3-4 skirts, 6-8 dresses and maybe 2-3 pairs of pants should give you enough outfit combinations if you’ve been stocking up on accessories, tanks and cardis all along. That may sound like a lot, but by waiting for markdowns or buy-one-get-one sales, I nabbed several of my dresses and skirts for $10 or $15 each. I picked up a few more chic pairs of flats since I found heels uncomfortable once I started showing and my balance went off, and again I made good use of maternity nylons and compression trouser socks underneath it all. Since I was pregnant December through August, I relied on long sweaters and flowy blouses early on, transitioning to maternity skirts and pants by February and then mostly maternity dresses from April onward since I was always running hot. Other than when we had a series of heat waves, running hot was kind of nice after years of toting a pashmina everywhere because I’d always be cold! Key for me was making sure I had one “public speaking” dress for days when I had to give a presentation, teach or otherwise get up in front of people. For me, that was this Gap dress:
I already did an extensive post on prenatal fitness, but I’ll just reiterate that there ARE good maternity exercise clothing options out there, and they aren’t pricey either. I made good use of my existing elastic-waist pants until I was about four months along, when they started to roll down in the middle of Zumba class (oops!) Then, I picked up a full-panel pair of capris from Motherhood Maternity, plus a couple maternity tanks made of moisture-wicking material from Old Navy. Leggings rounded out my fitness wardrobe for gentler classes or at-home yoga & walking around the neighborhood.
Don’t push it here if your back is hurting, no matter how far along you are. Things can go from bad to worse really quickly if you ask too much of your body or ignore what it’s trying to tell you. With pregnancy, there’s no such thing as “powering through!” I thought just because the shoe still fit on my feet, it wouldn’t cause problems, and learned the hard way that this is how pregnant women end up with hammer toes, calf cramps and blisters. Key pieces:
Roomy walking shoes/sneakers
low work heels
plenty of cute flats
flat boots for winter/rain
If summer, pretty sandals with room for your feet to grow a bit. Make sure the heel isn’t too high (like a low wedge). I love Bare Traps.
some micro liner socks for when your feet get bigger and start to rub the inside of your existing shoes.
Want to know what I did? I got some hospital scrubs at a uniform supply store (Army-Navy outlets will have them, too) and just let the waist out bit by bit as I got bigger. They can be tied anywhere that’s comfortable for you, which cannot be said of some other pajamas that will pinch right where your full bladder is. I also used my husband’s undershirts to sleep in (granted, he’s 6’4″ so they’re like a nightgown on me) or just stuck to under-the-belly cotton shorts and a sports bra. Pregnancy turns you into a furnace and our bedroom already runs hot because of the way our house is built, so there were no footy fleece PJs for me. If you’re struggling with heartburn or back pain, invest early in a full-length body pillow made for pregnancy. For $50, it will change your life.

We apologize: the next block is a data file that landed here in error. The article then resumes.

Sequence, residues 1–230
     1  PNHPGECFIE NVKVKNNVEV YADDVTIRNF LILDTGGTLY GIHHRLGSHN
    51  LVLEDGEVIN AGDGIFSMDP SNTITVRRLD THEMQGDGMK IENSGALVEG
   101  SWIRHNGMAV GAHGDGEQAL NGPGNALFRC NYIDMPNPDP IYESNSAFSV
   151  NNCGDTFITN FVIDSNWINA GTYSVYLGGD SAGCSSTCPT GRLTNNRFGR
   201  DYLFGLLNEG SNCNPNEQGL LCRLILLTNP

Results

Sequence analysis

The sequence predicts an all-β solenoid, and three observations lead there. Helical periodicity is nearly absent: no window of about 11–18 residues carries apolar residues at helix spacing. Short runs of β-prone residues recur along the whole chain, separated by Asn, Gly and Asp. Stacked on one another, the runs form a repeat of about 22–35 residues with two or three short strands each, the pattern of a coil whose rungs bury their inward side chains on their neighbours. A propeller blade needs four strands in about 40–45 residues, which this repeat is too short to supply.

In the winter, I wore leggings and jeans with flats or low boots. My favorites were my skinny pair from Old Navy, a versatile boot-cut pair from Gap, and these black leggings with a full panel, which had great support and smoothed out the bumps nicely. In the summer, I wore a few non-maternity skirts that had foldover waists, as well as shorts, and this fabulous Old Navy bathing suit for beach days.
Things I didn’t have to deal with
Special occasions. I’m not sure how I got away with not having any weddings during this gestation, but boy do I feel lucky!
Winter. And thank God — maternity winter coats are hideously expensive.
Travel. Because instead of a babymoon, we had to remediate mold from the inside of our bathroom walls. However, A Cup of Jo has some great tips on planning your babymoon, from picking a location to packing well.
And by this I mean, “shortcuts to getting ready when you need 12 hours of sleep” and “minimizing your routine NOW before the baby comes.”
Moisturize. Not just your belly and your chest, which are so prone to stretch marks, but the rest of your body and your face as well. Hydrating your face well can help keep hormone-induced breakouts at bay, and slathering lotion on the rest of your body is a good habit to get into so you aren’t caught off-guard by the intense itchiness that can come on without warning when your baby decides to have a growth spurt. All that stretching can make you want to scratch yourself to death, and it can show up overnight!
One thing that just came on the market which I should have tried: sprayable lotion. When I think of all the acrobatic maneuvers I performed every morning just to get cream on my legs when I couldn’t bend over anymore…..
Try dry shampoo. Most likely, your hair will be thicker, so you can get a second or third day out of a blowout. I used this tactic to grab some extra sleep!